On Monday evening we will be joined by representatives of the Morecambe Brass Band, dressed in costume and bearing instruments. Our visitors will populate a series of studio settings with backcloths and studio lighting and will provide our members with an opportunity to capture portrait images in a studio environment. Members will work in groups, and learn from each other, as they become familiar with the challenges of positioning the lights and their subjects, setting the light levels, and determining the optimum camera settings.
17 February 2020: Competition 4 - President's Challenge - inspired by a book or film title (digital)
Our 4th competition of the season presented quite a challenge for our judge Simon Ray. Simon prefers the title of ‘commentator’, had much to say about each and every image and had clearly taken time to prepare for his visit by studying the images at length and forming thoughtful and instructive comments. There was an interesting mix of strong, graphical, abstract, allegorical and conventional creations on display. This made scoring difficult, produced some unexpected scores but won universal applause for his selection of those images meriting the highest score.
Some of our newer members continue to perform well in competition and the accolade of winning image went to, ‘Looking for Red October’ and its author Steven Worrell.
On Monday evening Brett Aspinall and his colleague Kirsten introduced members to the photographic courses they run at Myerscough College. There was considerable member interest in the make-up of the courses, the way students were tasked to experiment and work individually and in teams, and the passport the Myerscough courses give students to direct employment and progress onto degree learning at the University of Central Lancashire.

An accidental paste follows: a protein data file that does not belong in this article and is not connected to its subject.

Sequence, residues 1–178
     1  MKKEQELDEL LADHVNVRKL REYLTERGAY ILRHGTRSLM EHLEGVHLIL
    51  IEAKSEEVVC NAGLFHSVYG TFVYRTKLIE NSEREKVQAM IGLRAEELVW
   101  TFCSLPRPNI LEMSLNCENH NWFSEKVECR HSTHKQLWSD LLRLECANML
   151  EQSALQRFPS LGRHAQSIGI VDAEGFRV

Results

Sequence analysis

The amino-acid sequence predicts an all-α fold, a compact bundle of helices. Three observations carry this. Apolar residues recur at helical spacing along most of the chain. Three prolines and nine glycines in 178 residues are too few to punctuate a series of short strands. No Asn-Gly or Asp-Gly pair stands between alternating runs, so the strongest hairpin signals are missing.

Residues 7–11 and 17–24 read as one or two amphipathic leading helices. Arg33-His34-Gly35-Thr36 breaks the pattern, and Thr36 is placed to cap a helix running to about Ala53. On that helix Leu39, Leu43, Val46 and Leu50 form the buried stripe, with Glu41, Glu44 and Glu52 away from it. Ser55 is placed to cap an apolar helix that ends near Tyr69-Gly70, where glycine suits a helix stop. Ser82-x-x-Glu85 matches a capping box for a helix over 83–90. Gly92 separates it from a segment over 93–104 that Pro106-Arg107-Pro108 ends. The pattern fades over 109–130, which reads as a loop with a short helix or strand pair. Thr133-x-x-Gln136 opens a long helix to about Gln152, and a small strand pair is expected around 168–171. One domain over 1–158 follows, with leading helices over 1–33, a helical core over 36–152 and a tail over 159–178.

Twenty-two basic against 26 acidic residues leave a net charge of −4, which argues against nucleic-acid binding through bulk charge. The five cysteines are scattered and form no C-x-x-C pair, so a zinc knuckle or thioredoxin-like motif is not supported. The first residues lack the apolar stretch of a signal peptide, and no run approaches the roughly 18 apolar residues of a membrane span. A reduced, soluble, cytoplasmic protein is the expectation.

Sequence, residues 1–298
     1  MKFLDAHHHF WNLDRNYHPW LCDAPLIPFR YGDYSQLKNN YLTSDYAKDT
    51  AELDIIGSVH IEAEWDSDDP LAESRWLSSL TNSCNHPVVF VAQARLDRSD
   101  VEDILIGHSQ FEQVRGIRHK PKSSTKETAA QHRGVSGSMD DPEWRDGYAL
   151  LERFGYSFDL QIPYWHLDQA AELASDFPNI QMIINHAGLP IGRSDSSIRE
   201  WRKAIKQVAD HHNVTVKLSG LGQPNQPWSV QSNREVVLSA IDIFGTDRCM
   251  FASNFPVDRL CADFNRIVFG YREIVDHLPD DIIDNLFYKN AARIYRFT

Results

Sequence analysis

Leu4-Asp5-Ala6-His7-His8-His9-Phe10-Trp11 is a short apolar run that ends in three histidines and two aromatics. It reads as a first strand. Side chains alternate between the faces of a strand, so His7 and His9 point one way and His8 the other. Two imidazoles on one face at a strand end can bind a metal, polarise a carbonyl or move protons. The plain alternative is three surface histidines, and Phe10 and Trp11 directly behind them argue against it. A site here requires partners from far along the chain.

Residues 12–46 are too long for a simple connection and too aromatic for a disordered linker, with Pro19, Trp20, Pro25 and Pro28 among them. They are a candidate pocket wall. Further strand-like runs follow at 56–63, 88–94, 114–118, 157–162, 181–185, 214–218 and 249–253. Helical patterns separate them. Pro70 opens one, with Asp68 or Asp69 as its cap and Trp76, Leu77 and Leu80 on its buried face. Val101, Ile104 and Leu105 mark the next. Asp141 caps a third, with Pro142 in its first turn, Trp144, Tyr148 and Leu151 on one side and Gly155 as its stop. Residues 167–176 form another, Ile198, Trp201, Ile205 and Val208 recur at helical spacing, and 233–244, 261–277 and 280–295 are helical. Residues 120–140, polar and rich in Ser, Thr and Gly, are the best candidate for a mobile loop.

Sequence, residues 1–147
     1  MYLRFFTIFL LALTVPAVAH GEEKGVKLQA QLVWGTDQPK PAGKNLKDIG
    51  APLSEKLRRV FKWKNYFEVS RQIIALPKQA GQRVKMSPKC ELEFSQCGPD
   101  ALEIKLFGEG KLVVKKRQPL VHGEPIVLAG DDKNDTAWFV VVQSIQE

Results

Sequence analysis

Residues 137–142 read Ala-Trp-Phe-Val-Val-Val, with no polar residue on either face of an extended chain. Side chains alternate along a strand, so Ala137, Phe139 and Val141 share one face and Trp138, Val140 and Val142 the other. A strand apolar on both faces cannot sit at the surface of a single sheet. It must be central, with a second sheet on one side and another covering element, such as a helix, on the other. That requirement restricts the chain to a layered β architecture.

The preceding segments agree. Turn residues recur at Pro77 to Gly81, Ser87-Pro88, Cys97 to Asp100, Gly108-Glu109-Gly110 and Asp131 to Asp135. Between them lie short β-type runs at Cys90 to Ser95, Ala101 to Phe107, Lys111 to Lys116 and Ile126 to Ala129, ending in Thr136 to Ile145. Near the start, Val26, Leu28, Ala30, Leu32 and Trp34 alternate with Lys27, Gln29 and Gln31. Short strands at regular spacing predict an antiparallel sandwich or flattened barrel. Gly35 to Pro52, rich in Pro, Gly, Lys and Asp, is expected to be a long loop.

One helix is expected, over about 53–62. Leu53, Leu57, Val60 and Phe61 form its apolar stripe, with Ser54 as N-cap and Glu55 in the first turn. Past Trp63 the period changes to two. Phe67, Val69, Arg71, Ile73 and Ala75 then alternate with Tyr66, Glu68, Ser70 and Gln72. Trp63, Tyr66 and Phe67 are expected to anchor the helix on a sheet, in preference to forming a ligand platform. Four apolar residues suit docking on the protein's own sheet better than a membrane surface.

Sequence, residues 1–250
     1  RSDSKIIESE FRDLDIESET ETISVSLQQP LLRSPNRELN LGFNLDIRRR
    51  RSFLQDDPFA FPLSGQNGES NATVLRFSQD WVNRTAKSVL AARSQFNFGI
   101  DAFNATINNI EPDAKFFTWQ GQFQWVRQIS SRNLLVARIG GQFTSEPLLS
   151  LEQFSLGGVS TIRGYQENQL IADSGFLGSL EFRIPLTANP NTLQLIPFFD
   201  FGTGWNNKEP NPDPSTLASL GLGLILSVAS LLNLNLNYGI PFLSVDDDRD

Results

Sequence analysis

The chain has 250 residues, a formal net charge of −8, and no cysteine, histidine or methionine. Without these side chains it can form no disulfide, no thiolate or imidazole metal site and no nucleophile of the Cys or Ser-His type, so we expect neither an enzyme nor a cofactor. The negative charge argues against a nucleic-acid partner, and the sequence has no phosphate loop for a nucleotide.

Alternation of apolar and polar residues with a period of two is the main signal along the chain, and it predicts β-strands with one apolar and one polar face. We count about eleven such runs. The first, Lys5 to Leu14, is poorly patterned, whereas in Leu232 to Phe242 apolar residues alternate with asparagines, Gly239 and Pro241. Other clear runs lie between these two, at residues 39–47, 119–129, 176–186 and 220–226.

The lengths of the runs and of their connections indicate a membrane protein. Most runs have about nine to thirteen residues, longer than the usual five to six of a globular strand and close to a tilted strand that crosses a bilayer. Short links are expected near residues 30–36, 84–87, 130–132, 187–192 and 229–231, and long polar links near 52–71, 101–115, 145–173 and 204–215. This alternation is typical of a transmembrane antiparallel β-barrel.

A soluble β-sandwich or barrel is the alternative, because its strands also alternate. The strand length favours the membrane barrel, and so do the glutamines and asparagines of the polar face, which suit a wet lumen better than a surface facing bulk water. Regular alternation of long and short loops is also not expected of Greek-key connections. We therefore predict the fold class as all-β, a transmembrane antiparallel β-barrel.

Both Kirsten and Brett must pursue personal, research projects to maintain their lecturer status. Kirsten who returns annually to New England shared and discussed the challenges of documenting her experiences working with local, deep sea fishermen. Brett described his continuing research project on the environmental and visual impacts, both negative and positive, of coastal protection works on the North Lancashire coast. The presentations created food for thought and in particular the pursuit of photographic, project assignments involving society members.
On Monday evening Mike Atkinson delivered a hugely instructive and thoughtfully assembled presentation on macro and close-up photography. The large, attentive audience was clearly impressed by his rich knowledge of natural history, and the practical skills and techniques he has mastered in getting close to and illuminating small, uncooperative subjects.
Mike introduced and explained the pros and cons of the different lenses, lens attachments, lighting accessories, and tripods used in macro and close-up photography, his experiences and the way this has influenced his approach and working methods. He also described the technique of ‘stacking’ images, and with helpful illustrations demonstrated how this overcomes the depth of field limitations associated with close-up work. After this helpful introduction to close-up work and refreshments members were treated to an impressive portfolio of images that exemplified Mike’s passion and thoroughly professional approach to this type of photography
The evening shoots in the Priory Church and Cathedral provided new members with opportunities to work with the Society’s more experienced photographers and for everyone involved to express their personality and photographic skills in the images captured. On Monday evening members shared their images, talked about the challenges and opportunities they encountered in the rich interiors of the buildings and the impact this type of shoot has on the learning process and the acquisition of technical and artistic skills.